Collapse Of Thwaites “Doomsday” Glacier Depends On Small Areas Of Accelerated Melting

Many factors will determine the viability of seaside cities and river deltas over the next century, but the most important could be the fate of one river of ice that has earned the name “Doomsday Glacier”.


Stephen Luntz

Stephen has a science degree with a major in physics, an arts degree with majors in English Literature and History and Philosophy of Science and a Graduate Diploma in Science Communication.

Freelance Writer

There are large cracks at the top of Thwaites Glaceier, but it is the shape of the ice at the bottom that poses the threat.

There are large cracks at the top of Thwaites Glacier, but it is the shape of the ice at the bottom that poses the threat. Image credit: Icefin/ITGC/Schmidt

As the planet heats up, glaciers worldwide are in retreat, and one above all others worries oceanographers. Scientists from the British Antarctic Survey have published two new papers observing conditions at the base of Antarctica's Thwaites Glacier to establish the factors driving its melting and its effect on global sea level rise.

They found that enough of the glacier is vulnerable that, were it to collapse, sea levels would rise 65 centimeters (25 inches) worldwide, something that could happen within a century. On its own, such an event could make some low-lying cities such as Miami effectively uninhabitable. Combined with inevitable melting elsewhere, it would turn serious problems into catastrophes.  


To reach this conclusion, the authors drilled access holes through almost 600 meters (1,900 feet) of ice downstream of the Thwaites Glacier’s grounding line, where the glacier stops sitting directly on bedrock and starts floating. Through the hole, they measured ocean temperature, salinity, melt rate, and the glacier’s speed. One paper describes observations made using a fixed mooring at the bottom of the hole. The other reports on observations made using an underwater vehicle, which could also study the shape of the underside of the ice.

The water at the bottom was found to be a warm (by Antarctic standards) 2.5°C (36°F) year-round. It is also stratified by salinity levels, which limits melting, as the ice is only in contact with the freshest, coldest water. Consequently, the bulk of the area studied is melting more slowly than expected, but certain hotspots are making up for it, losing ice terrifyingly fast.

The undersea vehicle Icefin being pulled up through the borehole drilled by Paul Anker and Keith Nicholls of the British Antarctic Surveyby that was used to allow it to reach the water under the Thwaites Glacier
The undersea vehicle Icefin being pulled up through the borehole that was used to allow it to reach the water under the Thwaites Glacier. Image credit: Icefin/ITGC/Schmidt

Thwaites Glacier is part of the West Antarctic Ice Sheet (WAIS), and has been long considered a major threat to sea levels worldwide because it is both big and unstable. Thwaites drains around a tenth of the WAIS and contains enough water to make vulnerable low-lying islands uninhabitable and cause the poisoning of some of the world’s richest agricultural lands with salt.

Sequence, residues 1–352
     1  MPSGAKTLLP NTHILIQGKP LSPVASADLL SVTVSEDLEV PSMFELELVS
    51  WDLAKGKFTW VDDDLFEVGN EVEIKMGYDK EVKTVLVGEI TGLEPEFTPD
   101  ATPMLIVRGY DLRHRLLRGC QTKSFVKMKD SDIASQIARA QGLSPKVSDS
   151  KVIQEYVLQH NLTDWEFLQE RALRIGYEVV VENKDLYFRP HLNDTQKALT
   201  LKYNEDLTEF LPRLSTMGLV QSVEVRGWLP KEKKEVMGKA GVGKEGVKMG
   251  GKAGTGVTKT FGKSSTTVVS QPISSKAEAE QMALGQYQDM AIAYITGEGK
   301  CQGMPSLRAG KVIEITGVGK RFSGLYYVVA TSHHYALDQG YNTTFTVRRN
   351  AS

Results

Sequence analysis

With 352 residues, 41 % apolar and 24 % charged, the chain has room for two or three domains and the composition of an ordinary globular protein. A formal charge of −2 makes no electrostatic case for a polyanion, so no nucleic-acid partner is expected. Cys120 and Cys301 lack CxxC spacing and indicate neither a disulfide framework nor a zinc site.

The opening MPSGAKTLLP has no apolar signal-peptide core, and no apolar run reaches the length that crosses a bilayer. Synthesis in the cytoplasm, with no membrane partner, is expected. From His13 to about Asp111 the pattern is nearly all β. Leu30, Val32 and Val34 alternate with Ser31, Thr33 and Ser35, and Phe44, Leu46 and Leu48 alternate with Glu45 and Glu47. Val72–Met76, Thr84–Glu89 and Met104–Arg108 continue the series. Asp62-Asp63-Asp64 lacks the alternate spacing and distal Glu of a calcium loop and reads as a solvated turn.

Moreover, the even larger components of the East Antarctic Ice Sheet are considered resistant to anything short of a major rise in global temperatures. Meanwhile, Thwaites sits on below-sea-level bedrock that gets deeper inland; prime conditions for a swift collapse, and indeed it has probably done so during humanity’s lifespan.


When humans were mobile hunter-gatherers with a population of a few million, the consequences of previous collapses were probably subtle. Now, as billions of us cluster around the coast, things are different.

Moreover, the collapse of Thwaites is considered a risk factor for exposing nearby glaciers to seawater, potentially triggering a domino effect that could cause sea levels to rise by 3 meters (10 feet).

The underwater vehicle Icefin photographed under the ice near McMurdo Station
The underwater vehicle Icefin photographed under the ice near McMurdo Station. Image credit: Rob Robbins USAP Driver

Crucially, the underwater vehicle, Icefin, revealed the glacier melts fast when ice is sharply sloped at the point where it meets the ocean, and much more slowly when it is flat, making future melting hard to predict. One steep section of the glacier is melting six times faster than flat regions. Moreover, the main trunk of the glacier is more steeply sloped than the area studied here, suggesting melt rates could be higher.

Consequently, the hole was drilled in an area that not too long ago was still anchored to land – the grounding line has retreated 14 kilometers (8 miles) since the 1990s.


“Our results are a surprise but the glacier is still in trouble. If an ice shelf and a glacier is in balance, the ice coming off the continent will match the amount of ice being lost through melting and iceberg calving. What we have found is that despite small amounts of melting there is still rapid glacier retreat, so it seems that it doesn’t take a lot to push the glacier out of balance,” said Dr Peter Davis of the British Antarctic Survey in a statement.

United Nations Secretary-General António Guterres warned this week that sea level rise could cause a “mass exodus on a biblical scale”. The Thwaites Glacier could be key to whether that occurs. 

The papers are published in Nature, and are available here and here.


  • tag
  • climate change,

  • antarctica,

  • climate,

  • sea leve rise,

  • Thwaites Glacier,

  • climate crisis,

  • West Antarctic Ice Sheet